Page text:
Smith: It was somewhere, I believe it was in New York, I remember reading the story the next day – a wire story – someone, I think it was in a restaurant, happened to have a gun on him. There was no connection except that once a reporter found out that Gerald Ford was in the same place – does that ring a bell at all?

Matanich: I wasn’t there at that incident, but I do remember the story. Those kind of things happen more often than they are reported. But often times we don’t make them public because if there was no connection it wouldn’t be public necessarily.

Smith: Finally, what do you do on Christmas Day?

Matanich: What did he do?

Smith: Christmas Day, birthdays – again, I guess it gets to that relationship between the agent…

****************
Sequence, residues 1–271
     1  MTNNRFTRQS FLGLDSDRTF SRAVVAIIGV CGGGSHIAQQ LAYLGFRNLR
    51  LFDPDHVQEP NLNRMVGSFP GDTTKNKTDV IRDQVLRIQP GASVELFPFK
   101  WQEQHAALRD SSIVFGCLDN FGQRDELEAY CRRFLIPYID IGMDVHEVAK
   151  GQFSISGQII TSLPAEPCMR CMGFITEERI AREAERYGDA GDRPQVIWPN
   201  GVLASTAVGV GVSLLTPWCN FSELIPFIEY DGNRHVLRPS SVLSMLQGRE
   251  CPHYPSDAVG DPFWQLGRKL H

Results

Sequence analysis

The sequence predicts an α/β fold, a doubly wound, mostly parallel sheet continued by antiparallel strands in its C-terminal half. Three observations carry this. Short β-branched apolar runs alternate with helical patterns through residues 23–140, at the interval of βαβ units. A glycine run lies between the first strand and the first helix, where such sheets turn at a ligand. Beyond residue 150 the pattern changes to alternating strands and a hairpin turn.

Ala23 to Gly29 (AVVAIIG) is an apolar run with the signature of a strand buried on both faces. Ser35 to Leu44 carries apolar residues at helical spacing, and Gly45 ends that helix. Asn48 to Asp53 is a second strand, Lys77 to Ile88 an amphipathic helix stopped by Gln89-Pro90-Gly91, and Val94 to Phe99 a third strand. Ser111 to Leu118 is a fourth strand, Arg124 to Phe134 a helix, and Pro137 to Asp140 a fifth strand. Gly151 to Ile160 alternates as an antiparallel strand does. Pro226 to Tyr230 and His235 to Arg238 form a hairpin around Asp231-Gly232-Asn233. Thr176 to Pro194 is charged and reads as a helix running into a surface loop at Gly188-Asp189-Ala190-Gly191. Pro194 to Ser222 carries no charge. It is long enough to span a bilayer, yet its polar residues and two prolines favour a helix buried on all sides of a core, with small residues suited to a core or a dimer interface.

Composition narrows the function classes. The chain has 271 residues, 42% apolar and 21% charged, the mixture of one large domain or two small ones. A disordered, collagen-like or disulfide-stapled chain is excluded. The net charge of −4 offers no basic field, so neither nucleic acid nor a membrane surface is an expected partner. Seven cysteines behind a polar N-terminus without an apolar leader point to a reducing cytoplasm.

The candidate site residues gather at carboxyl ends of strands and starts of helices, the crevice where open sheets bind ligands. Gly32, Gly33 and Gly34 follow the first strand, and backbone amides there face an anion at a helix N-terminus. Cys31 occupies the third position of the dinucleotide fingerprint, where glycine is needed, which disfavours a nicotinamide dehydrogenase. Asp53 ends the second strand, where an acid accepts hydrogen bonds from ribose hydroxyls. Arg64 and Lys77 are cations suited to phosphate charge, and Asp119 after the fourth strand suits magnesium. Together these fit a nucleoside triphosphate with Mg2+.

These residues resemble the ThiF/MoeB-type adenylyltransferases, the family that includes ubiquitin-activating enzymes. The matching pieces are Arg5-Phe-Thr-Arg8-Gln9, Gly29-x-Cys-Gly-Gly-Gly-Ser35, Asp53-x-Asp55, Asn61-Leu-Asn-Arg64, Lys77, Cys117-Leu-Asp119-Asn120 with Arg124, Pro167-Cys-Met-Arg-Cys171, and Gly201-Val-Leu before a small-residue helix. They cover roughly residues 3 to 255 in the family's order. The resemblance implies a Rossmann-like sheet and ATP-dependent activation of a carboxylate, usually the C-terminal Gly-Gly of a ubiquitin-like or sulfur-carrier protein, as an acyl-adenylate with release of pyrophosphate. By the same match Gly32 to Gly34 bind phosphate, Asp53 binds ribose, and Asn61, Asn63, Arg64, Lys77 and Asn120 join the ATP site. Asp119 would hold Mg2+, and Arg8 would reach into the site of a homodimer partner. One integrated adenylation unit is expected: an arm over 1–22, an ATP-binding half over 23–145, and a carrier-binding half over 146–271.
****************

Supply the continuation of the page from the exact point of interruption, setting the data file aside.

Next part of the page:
Matanich: The agent’s job is the same no matter what day it is. They’re here, they’re posted around the house or, for Christmas, most times he was up in Beaver Creek and so the agent’s job up there is the same situation as it is anywhere else. Usually the supervisors have off on holidays, so that’s nothing different. But it wasn’t like our involvement with the family was any different, necessarily on holidays – other than he would go up and do the annual Christmas Tree lighting up in Vail, and had certain holiday activities they did just historically. But, other than that, it was another workday.

Smith: And – this may be over the line – do you have a final memory?

Matanich: Not one in particular. I look back and see many different – and as we talk I remember a lot of things that I had forgotten about. It was just the total package with him that was a pleasant memory. I don’t have specific instances that I found appealing. It was just the package.

Smith: Were you on duty when he passed away?

Matanich: Yes.

Smith: Well, thank you. I appreciate it very much.